Sunday, April 22, 2007

Windows for HMS Bounty

Shown here are some of the windows being made for the model of HMS Bounty. As we now have two models of Bounty residing on this site, the Bounty these windows are for is the one shown in the post titled, 'Earlier pictures of HMS Bounty.'

Sunday, April 15, 2007

Boston Whitehall Tender

This is the first wooden boat model that this modeller has built. The kit is by Midwest and the model is 1:14 scale or 7/8" to the foot. The history of the boat on the box top reads, "The Whitehall originated about 1820, around the New York waterfront, and takes its name from the nearby Whitehall Street. Commonly built in Boston boat shops of that era, Whitehalls were originally used by runners who would row out to incoming deep water vessels to accost the crews, pitching the local brothels, ship chandlers, and the like. Because of their grace and beauty, there has been a renewed interest in the Whitehall boats within the last fifty years."
The plans shown here, included in the kit, are drawn to the full size of the finished model and provide the builder with all the information needed to build the boat. The forms on the far right are used to make the shape of the hull while the planking is being done. Later on in the construction they are removed.
The transom and some of the interior detail near the stern can be seen here. The interior has been painted with a buff colour.
The oarlocks, visible in this picture, are metal castings included in the kit. The seats and other detail can also be seen. As well as the purpose described on the box top of the kit, these boats were also used to carry cargo to and from the ships anchored in the harbour.
The bottom of the hull is shown here with the oars and written instructions that come with the kit. The oars are made from two pieces.
This is an excellent model for a beginner or an old hand who wants to build something quickly. A model of this size and relative simplicity can be completed in a fairly short time, gives the builder practice at working with wood and plans and solidly builds the modeller's confidence in his skills.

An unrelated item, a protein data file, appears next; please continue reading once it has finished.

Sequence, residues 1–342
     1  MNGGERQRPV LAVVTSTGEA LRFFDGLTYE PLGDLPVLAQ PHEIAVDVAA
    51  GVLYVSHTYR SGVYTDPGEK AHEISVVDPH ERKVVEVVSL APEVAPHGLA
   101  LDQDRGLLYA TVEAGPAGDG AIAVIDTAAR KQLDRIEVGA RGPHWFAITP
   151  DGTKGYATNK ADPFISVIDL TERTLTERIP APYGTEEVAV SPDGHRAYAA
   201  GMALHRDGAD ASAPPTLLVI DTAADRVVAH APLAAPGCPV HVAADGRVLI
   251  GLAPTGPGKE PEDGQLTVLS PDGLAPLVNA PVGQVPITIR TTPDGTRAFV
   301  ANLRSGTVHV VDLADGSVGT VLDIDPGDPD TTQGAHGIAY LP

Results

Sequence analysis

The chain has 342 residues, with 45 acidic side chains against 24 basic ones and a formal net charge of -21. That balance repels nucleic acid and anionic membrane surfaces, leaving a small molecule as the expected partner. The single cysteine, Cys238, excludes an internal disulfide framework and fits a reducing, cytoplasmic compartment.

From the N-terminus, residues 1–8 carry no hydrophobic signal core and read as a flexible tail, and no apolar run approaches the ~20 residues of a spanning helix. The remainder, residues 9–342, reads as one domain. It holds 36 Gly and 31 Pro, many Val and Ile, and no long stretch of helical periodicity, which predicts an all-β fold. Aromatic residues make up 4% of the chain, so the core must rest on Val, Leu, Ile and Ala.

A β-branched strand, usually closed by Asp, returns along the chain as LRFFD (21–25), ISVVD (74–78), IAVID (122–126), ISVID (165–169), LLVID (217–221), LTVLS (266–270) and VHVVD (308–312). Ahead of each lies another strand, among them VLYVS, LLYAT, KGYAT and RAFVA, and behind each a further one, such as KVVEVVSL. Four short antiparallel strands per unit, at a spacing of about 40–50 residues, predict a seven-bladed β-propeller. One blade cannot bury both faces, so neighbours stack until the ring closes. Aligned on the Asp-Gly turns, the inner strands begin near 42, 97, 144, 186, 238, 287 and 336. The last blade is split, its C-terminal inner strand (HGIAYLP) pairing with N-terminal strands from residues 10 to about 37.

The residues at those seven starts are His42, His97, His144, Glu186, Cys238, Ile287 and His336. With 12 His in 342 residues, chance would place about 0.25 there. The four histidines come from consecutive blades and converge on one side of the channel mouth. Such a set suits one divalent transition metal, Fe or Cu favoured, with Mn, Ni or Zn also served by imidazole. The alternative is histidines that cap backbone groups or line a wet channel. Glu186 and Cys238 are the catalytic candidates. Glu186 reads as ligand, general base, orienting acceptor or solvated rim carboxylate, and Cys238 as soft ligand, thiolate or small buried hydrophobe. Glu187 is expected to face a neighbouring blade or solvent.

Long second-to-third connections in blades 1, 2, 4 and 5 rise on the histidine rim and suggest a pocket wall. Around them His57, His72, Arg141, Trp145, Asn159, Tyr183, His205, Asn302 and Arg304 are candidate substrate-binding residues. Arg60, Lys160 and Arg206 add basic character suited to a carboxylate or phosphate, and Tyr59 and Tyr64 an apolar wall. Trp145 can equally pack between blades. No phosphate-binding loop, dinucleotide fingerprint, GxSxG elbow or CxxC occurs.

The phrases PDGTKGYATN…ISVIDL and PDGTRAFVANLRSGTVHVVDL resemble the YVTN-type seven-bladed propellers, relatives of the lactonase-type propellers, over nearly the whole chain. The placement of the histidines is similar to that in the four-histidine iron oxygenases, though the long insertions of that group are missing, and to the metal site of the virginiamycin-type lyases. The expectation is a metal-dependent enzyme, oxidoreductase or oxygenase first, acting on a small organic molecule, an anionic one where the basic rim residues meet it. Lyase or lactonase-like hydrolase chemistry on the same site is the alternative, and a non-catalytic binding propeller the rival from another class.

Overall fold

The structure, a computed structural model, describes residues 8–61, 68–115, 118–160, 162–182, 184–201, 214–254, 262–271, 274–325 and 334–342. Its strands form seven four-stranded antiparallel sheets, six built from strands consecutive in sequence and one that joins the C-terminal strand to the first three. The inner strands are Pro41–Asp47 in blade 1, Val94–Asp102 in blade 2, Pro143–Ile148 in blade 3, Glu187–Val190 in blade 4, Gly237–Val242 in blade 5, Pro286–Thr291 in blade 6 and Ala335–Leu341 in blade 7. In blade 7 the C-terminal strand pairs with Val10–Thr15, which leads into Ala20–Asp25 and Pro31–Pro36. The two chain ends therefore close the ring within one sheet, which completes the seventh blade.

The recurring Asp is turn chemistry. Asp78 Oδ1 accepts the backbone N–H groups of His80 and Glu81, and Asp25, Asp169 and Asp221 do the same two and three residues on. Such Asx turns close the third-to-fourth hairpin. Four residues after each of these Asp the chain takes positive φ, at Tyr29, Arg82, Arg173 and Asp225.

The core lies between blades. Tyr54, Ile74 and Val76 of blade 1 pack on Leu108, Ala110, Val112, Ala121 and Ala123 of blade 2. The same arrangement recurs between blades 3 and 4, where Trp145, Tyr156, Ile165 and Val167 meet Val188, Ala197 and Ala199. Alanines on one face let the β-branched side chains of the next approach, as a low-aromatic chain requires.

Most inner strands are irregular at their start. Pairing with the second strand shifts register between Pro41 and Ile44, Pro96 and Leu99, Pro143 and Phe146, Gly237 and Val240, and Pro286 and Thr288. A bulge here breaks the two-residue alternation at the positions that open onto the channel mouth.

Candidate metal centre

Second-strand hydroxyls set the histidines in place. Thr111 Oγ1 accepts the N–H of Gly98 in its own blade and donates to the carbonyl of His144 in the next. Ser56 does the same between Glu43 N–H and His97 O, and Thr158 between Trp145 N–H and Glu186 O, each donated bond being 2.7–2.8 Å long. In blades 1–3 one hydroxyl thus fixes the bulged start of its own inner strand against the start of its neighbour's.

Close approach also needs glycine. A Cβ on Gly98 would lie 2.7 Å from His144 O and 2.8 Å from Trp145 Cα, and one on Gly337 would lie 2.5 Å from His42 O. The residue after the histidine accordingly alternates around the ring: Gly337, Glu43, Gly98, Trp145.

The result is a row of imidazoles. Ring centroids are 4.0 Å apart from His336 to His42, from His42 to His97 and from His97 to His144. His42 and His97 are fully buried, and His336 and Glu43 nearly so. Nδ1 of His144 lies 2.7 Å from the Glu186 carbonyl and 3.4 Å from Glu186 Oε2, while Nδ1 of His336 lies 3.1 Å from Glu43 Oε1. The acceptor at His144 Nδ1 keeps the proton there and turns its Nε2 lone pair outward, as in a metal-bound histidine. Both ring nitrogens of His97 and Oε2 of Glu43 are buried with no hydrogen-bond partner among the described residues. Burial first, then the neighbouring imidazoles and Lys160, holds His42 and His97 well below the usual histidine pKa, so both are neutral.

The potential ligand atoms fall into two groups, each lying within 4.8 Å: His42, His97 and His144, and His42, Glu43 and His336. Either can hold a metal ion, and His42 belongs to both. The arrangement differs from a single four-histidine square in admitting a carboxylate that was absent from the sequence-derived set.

Thursday, April 05, 2007

Nonesuch Restarted

The pictures of the model of Nonsuch that were posted here earlier and the ebony parts from it are all that remain of that model. The builder decided he didn't like it, and said that he put it on the floor and crushed it under his boot.

The intent to make a black and white ship model was thwarted. When the ebony parts were put in place and sanded to their finished size, the black dust from the sanding got into the pores of the holly where it was then impossible to remove it.

There is a silver lining in this cloud. We get to see the construction method in better detail.
Here you can see the hull of the ship taking shape on the plug that has been carved to the inside dimension of the frames. The frames above the bilge line have had filler added between them, to strengthen them when it comes time to cut out the holes for the gun ports and scuppers. This filler will be covered up when the hull is planked.
In this top view you can see the plug as it has been cut into five sections. The centre part on the top is held in place with spacers on either side. The plug's extension well above the gunwale allows the plug and hull assembly to be held in a vise, which makes working on the hull much easier. The dowels extending from the sides are used to index the parts of the plug.

When the centre part is removed, the middle fore and aft parts can then move away from the bow and stern. When they are removed the two side pieces can then be removed.
This is the keel part, which is held in place temporarily with pins. In the final assembly the various parts will be glued permanently. The hull above the keel is pinned and comes apart in two halves. In the final assembly they will be glued as well.
In the final picture you can see that the tops of the frames are uneven. They will be evened out later. When the holly parts have been finished and before the next step of working with the ebony parts, the hull will get a thin coating of a clear flat varnish to seal the pores.